20 February 2005

A Few Weeks in Limbo

This past week's column marks the season's end of the tastefully-named Gregg Easterbrook's "Tuesday Morning Quarterback" feature; each year, that final column officially begins the (mercifully short) dark period between the end of football season and the start of baseball season. For those you who have not yet enjoyed TMQ in its current incarnation on NFL.com or its previous lives on Slate or ESPN.com's Page 2, you're missing out.

You're not a football fan? It doesn't matter; when I was hooked, I didn't have more than a passing interest (no West Coast Offense puns intended). You're not American? As the numerous messages from Europe, Asia, and Australia throughout the season demonstrate, TMQ's appeal (possibly more so than American Football's) transcends nationality. You're not a reader? Get out those Hooked on Phonics tapes now; the new season begins in a few months and Easterbook's a sesquipedalian. (Why yes, I do have word-of-the-day toilet paper; however did you know?) This is much more than a mere football column; it's a way of life for its fans every Tuesday. Easterbook takes full advantage of the lack of length constraints on his web-based column and explores at length the ins-and-outs of professional football each week during the season (along with brief criticism of other topics). He brings a fresh angle to the game, masterfully using the holy trinity of sports writing tools: statistics, sarcasm, and haiku.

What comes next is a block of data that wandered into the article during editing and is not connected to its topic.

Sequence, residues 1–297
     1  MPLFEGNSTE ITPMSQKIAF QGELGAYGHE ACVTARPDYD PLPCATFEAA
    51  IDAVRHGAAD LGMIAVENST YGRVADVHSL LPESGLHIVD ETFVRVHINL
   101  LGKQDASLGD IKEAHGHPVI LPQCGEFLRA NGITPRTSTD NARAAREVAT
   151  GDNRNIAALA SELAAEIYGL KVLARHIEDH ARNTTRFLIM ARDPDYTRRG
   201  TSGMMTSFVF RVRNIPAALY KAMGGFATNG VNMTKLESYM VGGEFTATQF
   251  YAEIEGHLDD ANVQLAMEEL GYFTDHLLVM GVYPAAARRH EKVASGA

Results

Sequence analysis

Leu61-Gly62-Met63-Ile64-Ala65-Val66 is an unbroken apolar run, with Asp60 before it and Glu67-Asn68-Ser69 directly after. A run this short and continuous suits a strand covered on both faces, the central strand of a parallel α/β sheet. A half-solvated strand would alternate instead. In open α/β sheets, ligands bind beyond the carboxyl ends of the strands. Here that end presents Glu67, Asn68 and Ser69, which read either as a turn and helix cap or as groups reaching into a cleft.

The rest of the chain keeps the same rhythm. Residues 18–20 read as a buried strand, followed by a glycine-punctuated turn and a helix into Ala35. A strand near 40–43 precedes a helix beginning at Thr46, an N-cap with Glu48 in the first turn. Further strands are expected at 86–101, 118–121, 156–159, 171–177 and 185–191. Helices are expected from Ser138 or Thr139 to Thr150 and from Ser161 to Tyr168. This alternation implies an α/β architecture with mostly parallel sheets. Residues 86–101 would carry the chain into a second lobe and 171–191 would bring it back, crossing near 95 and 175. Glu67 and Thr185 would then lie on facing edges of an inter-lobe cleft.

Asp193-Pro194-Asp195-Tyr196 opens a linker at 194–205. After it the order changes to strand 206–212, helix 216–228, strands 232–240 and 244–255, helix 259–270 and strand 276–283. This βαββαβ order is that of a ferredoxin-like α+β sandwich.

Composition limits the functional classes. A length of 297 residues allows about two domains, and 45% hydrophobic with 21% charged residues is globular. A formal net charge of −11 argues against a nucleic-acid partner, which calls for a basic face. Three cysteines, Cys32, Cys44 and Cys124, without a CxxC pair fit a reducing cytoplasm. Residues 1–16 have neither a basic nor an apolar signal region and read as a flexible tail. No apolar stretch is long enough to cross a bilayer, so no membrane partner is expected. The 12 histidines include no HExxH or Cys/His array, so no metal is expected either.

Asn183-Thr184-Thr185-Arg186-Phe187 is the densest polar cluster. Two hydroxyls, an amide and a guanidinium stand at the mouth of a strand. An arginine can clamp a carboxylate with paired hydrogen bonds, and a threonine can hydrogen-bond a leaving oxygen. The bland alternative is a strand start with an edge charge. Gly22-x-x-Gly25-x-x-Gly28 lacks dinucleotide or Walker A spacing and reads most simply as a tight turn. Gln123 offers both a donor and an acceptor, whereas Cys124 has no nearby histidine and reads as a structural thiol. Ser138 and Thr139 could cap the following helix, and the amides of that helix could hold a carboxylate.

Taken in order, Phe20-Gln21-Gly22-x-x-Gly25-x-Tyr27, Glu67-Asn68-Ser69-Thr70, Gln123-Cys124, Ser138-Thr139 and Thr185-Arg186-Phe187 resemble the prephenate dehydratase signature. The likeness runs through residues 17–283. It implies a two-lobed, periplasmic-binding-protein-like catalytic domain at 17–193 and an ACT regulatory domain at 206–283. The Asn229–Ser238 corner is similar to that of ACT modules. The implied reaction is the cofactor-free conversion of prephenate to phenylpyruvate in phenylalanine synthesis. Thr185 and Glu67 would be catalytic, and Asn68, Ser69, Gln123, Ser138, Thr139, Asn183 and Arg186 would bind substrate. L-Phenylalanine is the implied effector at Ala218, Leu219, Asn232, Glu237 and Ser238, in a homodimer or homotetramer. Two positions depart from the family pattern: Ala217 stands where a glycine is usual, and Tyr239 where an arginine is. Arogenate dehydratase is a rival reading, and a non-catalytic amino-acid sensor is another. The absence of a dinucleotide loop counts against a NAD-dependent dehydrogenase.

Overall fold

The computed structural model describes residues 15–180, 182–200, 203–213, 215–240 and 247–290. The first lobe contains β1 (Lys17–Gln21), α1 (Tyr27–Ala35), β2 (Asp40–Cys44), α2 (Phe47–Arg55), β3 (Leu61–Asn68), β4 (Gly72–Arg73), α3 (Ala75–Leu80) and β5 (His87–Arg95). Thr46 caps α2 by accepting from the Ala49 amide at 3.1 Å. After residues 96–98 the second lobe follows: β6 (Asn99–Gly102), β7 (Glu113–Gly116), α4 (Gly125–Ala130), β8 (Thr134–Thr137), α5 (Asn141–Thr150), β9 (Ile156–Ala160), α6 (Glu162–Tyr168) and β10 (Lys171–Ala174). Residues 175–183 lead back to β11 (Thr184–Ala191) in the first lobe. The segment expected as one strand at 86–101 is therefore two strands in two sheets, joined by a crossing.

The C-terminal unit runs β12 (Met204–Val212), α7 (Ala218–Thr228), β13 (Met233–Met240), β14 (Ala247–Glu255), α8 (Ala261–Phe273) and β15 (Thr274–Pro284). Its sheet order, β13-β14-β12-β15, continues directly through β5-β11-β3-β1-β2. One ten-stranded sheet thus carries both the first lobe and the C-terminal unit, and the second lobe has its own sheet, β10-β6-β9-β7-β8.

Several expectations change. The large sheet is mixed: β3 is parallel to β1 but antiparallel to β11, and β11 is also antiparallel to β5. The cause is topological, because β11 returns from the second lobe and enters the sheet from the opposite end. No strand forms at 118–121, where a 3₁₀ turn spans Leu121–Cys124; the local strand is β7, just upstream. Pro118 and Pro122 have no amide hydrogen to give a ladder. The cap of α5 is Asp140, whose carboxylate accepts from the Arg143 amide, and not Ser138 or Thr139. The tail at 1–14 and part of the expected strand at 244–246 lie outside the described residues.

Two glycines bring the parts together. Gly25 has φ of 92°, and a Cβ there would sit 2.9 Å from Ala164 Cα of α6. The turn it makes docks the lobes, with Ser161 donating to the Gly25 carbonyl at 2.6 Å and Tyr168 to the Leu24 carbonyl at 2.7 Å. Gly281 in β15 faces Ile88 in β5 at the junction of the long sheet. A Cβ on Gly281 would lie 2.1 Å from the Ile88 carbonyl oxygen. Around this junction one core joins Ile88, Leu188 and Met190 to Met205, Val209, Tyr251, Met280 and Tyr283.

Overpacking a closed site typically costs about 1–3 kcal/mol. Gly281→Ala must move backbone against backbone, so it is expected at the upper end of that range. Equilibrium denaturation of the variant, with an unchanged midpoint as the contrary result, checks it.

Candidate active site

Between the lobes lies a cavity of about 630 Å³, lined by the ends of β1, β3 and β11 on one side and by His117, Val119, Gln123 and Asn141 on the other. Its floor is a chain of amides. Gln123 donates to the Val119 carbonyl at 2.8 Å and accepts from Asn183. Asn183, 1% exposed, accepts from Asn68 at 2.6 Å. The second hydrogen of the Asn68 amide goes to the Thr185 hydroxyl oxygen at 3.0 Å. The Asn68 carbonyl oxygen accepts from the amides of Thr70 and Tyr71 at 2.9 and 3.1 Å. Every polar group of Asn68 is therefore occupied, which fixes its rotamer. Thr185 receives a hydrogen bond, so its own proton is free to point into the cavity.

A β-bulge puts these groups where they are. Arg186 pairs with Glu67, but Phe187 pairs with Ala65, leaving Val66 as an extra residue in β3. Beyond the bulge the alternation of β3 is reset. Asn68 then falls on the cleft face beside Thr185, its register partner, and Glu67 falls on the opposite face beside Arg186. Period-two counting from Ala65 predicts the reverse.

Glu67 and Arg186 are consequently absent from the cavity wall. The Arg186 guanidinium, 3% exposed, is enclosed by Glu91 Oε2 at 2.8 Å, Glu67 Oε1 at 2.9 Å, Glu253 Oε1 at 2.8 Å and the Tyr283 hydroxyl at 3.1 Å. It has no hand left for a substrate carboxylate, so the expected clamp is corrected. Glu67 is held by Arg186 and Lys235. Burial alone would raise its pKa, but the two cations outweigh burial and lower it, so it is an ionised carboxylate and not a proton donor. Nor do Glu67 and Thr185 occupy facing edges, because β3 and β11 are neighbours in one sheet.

Easterbook's official biography tends to emphasize his professional and intellectual accomplishments as senior editor of The New Republic, a contributing editor of The Atlantic Monthly, a contributing editor of The Washington Monthly, a visiting fellow at The Brookings Institution, and published author (most recently of the outstanding The Progress Paradox); he is proof, however, that a man's avocation can count for much, even amongst impressive professional achievements. Yes, I enjoy his books and articles, but I don't generally feel a sense of malaise when I pick up one of the many magazines to which he regularly contributes and find nothing from him in that issue; I will feel a bit empty, however, next Tuesday and the Tuesday after that, and so on until next autumn. A TMQ reader quoted in this week's column puts it best (in haiku, of course):
TMQ's last shot.
The offseason starts Tuesday:
long time till next year.
Thanks for another great season, Gregg.

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